Wise leaders self-limit their authority.
Taylor (1753-1824) was a Virginia lawyer, farmer, politician, political writer and close ally of Thomas Jefferson. He had written the President after hearing reports that Jefferson would serve a second term only and then retire. Taylor asked him to reconsider that decision.

Jefferson declined. One of his three objections to the new U.S. Constitution proposed in 1787 was no limit on the number of terms a President could serve. He feared that could turn into a President-for-life, either dictator or king. He credited Washington with setting the example of retiring after two terms. He would follow suit. Several more doing the same would establish the principle. Presidents Madison and Monroe continued in that vein, serving two terms only.

That principle continued until 1940, when Franklin Roosevelt was elected to a third term and then a fourth in 1944. This resulted in the 22nd Amendment (which Jefferson suggested) adopted in 1951, constitutionally limiting the President to two terms.

“After your presentation, it was truly amazing
how you answered questions from the audience without stepping out of character.”
Executive Director, Professional Land Surveyors of Ohio
Mr. Jefferson delights in a no-holds-barred question-and-answer session!
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A cherry on top! (7 of 7)

should this establishment take place on a plan worthy of approbation, I shall have a valuable legacy to leave it, to wit, my library, which certainly has not cost less than 15,000. Dollars. but it’s value is more in the selection, a part of which, that which respects America is the result of my own personal searches in Paris for 6. or 7. years, & of persons employed by me in England, Holland, Germany and Spain to make similar searches. such a collection on that subject can never again be made.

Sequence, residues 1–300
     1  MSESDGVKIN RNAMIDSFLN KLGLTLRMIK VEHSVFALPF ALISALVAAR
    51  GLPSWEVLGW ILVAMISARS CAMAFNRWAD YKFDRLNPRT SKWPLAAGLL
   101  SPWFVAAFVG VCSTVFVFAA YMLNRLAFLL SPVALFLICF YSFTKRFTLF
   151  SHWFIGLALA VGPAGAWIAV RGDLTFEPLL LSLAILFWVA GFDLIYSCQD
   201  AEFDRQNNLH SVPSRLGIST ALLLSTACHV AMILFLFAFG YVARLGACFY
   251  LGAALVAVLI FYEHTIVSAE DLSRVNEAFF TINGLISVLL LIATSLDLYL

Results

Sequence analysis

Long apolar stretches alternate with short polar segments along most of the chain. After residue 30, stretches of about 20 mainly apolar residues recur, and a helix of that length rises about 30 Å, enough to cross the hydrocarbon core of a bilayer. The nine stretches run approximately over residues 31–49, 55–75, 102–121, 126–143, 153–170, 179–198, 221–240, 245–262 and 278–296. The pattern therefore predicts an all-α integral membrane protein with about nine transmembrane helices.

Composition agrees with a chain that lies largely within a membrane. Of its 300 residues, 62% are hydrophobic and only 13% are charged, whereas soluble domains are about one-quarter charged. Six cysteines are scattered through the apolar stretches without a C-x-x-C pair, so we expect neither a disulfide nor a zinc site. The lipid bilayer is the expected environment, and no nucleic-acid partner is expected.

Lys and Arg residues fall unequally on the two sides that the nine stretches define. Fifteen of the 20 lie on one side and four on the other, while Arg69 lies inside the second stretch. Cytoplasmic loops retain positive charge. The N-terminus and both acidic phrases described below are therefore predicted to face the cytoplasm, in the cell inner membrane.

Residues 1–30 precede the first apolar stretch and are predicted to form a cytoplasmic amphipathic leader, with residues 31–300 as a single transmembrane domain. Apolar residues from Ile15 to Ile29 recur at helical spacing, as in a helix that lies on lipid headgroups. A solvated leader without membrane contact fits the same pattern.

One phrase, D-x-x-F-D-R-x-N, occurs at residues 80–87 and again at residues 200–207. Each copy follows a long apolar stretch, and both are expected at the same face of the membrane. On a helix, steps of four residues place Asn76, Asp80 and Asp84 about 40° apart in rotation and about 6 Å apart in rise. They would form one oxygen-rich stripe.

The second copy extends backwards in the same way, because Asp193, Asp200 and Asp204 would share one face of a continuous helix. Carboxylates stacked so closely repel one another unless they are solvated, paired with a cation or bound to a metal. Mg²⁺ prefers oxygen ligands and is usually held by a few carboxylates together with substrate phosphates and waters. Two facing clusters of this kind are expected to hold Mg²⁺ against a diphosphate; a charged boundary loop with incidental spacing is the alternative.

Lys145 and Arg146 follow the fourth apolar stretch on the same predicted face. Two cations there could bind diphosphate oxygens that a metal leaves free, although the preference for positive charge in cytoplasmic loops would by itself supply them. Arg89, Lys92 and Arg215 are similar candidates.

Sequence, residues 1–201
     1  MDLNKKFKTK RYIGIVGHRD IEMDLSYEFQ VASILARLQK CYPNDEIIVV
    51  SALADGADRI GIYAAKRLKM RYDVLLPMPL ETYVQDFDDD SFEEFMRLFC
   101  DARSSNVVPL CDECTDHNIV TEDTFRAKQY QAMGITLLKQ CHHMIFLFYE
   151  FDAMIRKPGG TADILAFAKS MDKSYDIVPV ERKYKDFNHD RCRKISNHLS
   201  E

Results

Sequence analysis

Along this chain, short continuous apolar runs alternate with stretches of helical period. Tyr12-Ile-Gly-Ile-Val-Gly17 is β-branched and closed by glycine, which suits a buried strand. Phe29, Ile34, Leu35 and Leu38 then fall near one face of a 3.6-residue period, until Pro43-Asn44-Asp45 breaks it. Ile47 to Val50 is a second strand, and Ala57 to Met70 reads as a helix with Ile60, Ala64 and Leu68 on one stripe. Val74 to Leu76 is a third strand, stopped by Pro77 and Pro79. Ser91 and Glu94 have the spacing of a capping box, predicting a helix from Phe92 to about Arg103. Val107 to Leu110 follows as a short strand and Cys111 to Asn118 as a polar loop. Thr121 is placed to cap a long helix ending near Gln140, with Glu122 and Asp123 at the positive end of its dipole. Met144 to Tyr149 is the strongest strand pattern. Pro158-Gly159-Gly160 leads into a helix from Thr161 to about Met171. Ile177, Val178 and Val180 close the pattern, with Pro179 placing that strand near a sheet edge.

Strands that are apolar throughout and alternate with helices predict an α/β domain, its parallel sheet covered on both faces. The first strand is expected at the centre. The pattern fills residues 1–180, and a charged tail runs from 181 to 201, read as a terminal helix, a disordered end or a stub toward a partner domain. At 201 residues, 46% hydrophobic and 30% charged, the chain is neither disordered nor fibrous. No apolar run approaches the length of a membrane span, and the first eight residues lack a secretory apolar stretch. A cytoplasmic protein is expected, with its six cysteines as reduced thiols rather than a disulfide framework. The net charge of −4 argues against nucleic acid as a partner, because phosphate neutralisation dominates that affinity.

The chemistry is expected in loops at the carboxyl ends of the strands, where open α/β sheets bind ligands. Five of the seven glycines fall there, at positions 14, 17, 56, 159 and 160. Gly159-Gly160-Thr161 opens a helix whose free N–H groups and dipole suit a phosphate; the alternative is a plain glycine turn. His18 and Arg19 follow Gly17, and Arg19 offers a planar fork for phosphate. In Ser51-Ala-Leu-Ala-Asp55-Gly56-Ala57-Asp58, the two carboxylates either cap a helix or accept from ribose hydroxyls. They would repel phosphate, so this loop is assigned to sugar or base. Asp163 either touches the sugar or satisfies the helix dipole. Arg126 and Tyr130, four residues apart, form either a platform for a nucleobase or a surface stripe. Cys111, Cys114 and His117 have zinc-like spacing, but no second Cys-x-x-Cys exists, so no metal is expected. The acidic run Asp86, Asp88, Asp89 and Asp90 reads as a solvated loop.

Thomas Jefferson to Littleton W. Tazewell, January 5, 1805

Patrick Lee’s Explanation
Passionate leaders endow their own dreams.
Jefferson concluded his long letter envisioning the University of Virginia by putting a cherry on top. He would give it his personal library, several thousands of books. He had spent more than 35 years compiling that collection from the best sources in America and Europe. It had no equal.

But it was not to be. Before the University would open two decades later, an even more compelling need arose. The British burned the U.S. Capitol in the War of 1812 (“Mr. Madison’s War,” they called it.) and its small library. In 1815, Thomas Jefferson sold his beloved library to the federal government, where it would become the foundation of the Library of Congress.

In 1824, Thomas Jefferson spent maybe 100 hours compiling a list of books the University should acquire. The number of books and their cost were nearly identical to the size and value of the library he sold to Congress nine years earlier.

“I have been in association management for over 20 years
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as an entertaining, informative and educational speaker …”